On January 5, 2016, claimant filed a complaint in this Court seeking review of the Commissioner's decision. Doc. 3. The parties briefed the issues (Docs. 13 & 14) and on July 26, 2016, this case was deemed ready for decision (Doc. 15). On August 29, 2016, with the consent of the parties, United States District Court Chief Judge Linda R. Reade transferred this case to a United States Magistrate Judge for final disposition and entry of judgment. Doc. 16.

         III. DISABILITY DETERMINATOINS AND THE BURDEN OF PROOF

         A disability is defined as the “inability to engage in any substantial gainful activity by reason of any medically determinable physical or mental impairment which can be expected to result in death or which has lasted or can be expected to last for a continuous period of not less than 12 months.” 42 U.S.C. § 423(d)(1)(A); accord 42 U.S.C. § 1382c(a)(3)(A). A claimant has a disability when the claimant is “not only unable to do his previous work but cannot, considering his age, education, and work experience, engage in any other kind of substantial gainful work which exists . . . in significant numbers either in the region where such individual lives or in several regions of the country.” 42 U.S.C. §§ 423(d)(2)(A), 1382c(a)(3)(B).

         To determine whether a claimant has a disability within the meaning of the Social Security Act, the Commissioner follows a five-step sequential evaluation process outlined in the regulations. Kirby v. Astrue, 500 F.3d 705, 707 (8th Cir. 2007). First, the Commissioner will consider a claimant's work activity. If the claimant is engaged in substantial gainful activity, then the claimant is not disabled.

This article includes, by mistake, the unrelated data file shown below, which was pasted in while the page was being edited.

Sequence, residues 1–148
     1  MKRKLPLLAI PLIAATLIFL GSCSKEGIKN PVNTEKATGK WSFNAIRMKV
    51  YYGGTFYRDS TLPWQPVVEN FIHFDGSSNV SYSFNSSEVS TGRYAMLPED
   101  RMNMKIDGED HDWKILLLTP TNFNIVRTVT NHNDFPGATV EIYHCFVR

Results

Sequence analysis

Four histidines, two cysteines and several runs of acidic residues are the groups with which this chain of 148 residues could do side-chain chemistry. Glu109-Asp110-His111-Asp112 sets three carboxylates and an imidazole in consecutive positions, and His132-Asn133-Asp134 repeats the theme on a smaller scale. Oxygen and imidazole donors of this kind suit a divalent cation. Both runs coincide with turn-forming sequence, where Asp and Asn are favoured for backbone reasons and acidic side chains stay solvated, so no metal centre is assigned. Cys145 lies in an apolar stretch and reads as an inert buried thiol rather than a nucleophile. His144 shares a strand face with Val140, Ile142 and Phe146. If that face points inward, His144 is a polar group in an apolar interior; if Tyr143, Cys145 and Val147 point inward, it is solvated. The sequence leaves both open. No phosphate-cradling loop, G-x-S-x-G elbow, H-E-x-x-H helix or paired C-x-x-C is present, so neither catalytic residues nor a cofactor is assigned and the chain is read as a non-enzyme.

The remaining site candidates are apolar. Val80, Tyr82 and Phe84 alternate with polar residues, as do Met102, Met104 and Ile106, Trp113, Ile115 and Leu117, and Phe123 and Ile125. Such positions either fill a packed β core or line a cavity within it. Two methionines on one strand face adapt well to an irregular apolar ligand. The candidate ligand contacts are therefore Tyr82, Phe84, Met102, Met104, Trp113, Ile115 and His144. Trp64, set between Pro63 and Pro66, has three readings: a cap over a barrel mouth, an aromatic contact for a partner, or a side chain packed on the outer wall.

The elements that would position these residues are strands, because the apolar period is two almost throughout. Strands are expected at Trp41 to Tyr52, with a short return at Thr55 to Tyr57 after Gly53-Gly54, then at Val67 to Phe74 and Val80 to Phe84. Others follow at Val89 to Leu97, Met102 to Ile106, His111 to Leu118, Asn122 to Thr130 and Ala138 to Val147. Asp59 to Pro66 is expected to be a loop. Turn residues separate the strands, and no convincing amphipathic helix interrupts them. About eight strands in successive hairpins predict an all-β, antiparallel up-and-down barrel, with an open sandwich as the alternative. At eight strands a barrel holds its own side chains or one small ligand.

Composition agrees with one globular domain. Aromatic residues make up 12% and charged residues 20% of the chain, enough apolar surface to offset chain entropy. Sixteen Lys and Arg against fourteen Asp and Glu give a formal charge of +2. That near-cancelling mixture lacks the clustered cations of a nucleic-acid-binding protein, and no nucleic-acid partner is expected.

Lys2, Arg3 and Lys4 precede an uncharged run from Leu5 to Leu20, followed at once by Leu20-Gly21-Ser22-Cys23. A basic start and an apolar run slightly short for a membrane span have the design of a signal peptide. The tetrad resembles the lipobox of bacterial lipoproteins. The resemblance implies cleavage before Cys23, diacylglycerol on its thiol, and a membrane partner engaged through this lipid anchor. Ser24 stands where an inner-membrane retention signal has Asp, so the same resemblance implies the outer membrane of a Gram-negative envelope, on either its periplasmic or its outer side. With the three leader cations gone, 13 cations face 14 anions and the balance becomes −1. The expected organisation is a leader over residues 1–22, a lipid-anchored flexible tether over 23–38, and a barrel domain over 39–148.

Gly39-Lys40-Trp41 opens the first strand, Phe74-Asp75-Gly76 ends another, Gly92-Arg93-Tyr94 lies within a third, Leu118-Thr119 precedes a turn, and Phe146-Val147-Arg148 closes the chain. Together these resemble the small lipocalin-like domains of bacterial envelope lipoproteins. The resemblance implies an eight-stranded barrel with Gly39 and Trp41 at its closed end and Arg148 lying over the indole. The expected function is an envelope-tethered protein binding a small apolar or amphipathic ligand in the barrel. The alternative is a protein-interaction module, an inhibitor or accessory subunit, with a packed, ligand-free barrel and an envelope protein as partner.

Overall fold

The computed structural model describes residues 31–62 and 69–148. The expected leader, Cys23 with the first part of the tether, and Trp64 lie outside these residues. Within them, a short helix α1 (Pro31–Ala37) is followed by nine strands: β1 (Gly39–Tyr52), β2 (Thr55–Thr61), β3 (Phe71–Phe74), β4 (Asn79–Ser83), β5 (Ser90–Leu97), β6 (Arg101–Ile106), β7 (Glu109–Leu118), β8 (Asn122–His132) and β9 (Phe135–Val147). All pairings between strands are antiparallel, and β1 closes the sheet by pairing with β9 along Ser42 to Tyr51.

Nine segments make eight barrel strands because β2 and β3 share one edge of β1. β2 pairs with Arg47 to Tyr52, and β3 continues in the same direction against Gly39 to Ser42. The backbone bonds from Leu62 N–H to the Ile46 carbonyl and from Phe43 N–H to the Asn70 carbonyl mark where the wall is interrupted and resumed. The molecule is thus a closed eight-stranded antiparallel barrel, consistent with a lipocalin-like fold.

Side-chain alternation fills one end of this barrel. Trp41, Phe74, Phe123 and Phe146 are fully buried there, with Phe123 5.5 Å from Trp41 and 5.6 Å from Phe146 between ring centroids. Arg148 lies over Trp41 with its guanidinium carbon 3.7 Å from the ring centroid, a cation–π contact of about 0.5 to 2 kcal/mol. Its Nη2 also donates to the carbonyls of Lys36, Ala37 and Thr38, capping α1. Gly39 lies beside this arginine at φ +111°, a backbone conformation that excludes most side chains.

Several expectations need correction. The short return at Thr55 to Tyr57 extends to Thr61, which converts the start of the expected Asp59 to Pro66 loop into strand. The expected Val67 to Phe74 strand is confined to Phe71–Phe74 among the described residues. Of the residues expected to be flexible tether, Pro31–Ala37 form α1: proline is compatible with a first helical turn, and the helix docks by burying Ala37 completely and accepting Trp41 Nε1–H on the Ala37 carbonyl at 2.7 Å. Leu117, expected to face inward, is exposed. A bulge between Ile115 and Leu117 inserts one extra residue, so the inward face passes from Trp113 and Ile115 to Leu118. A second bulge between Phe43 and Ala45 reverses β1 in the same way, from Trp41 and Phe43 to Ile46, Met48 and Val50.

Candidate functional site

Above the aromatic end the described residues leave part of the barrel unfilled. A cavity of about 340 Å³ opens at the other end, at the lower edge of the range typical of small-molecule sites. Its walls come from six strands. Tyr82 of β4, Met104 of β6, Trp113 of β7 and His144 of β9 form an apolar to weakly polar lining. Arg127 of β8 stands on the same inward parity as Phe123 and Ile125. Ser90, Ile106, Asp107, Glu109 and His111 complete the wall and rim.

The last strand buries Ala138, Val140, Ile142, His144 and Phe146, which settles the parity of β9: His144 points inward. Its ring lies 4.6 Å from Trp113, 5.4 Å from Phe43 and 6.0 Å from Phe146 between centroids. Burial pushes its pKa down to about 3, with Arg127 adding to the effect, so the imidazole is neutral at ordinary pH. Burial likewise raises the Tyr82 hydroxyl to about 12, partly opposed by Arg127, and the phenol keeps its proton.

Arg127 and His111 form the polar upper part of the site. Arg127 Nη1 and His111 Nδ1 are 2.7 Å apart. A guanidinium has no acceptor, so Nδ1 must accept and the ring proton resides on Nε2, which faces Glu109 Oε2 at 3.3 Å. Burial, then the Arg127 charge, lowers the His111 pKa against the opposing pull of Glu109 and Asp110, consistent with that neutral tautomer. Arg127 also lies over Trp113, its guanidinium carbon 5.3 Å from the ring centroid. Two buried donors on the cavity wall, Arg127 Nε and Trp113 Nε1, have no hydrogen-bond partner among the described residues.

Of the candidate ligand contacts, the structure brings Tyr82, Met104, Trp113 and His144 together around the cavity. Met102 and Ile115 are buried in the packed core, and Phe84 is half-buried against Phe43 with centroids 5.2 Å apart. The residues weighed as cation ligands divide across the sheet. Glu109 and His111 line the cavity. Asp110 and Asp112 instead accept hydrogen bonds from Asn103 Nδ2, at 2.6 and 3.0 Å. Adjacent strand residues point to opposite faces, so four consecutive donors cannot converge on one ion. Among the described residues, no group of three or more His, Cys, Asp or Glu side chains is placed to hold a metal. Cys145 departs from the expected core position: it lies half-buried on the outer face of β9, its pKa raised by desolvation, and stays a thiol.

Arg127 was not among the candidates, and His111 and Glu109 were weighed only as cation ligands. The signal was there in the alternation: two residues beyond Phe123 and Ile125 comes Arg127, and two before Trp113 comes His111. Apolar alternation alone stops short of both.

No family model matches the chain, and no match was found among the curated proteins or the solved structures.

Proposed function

Second, if the claimant is not engaged in substantial gainful activity, the Commissioner looks to see “whether the claimant has a severe impairment that significantly limits the claimant's physical or mental ability to perform basic work activities.” Dixon v. Barnhart, 353 F.3d 602, 605 (8th Cir. 2003). “An impairment is not severe if it amounts only to a slight abnormality that would not significantly limit the claimant's physical or mental ability to do basic work activities.” Kirby, 500 F.3d at 707.

         The ability to perform basic work activities is defined as “the abilities and aptitudes necessary to do most jobs.” 20 C.F.R. § 416.921(b). These abilities and aptitudes include: (1) physical functions such as walking, standing, sitting, lifting, pushing, pulling, reaching, carrying, or handling; (2) capacities for seeing, hearing, and speaking; (3) understanding, carrying out, and remembering simple instructions; (4) use of judgment; (5) responding appropriately to supervision, co-workers, and usual work situations; and (6) dealing with changes in a routine work setting. Bowen v. Yuckert, 482 U.S. 137, 141 (1987). “The sequential evaluation process may be terminated at step two only when the claimant's impairment ...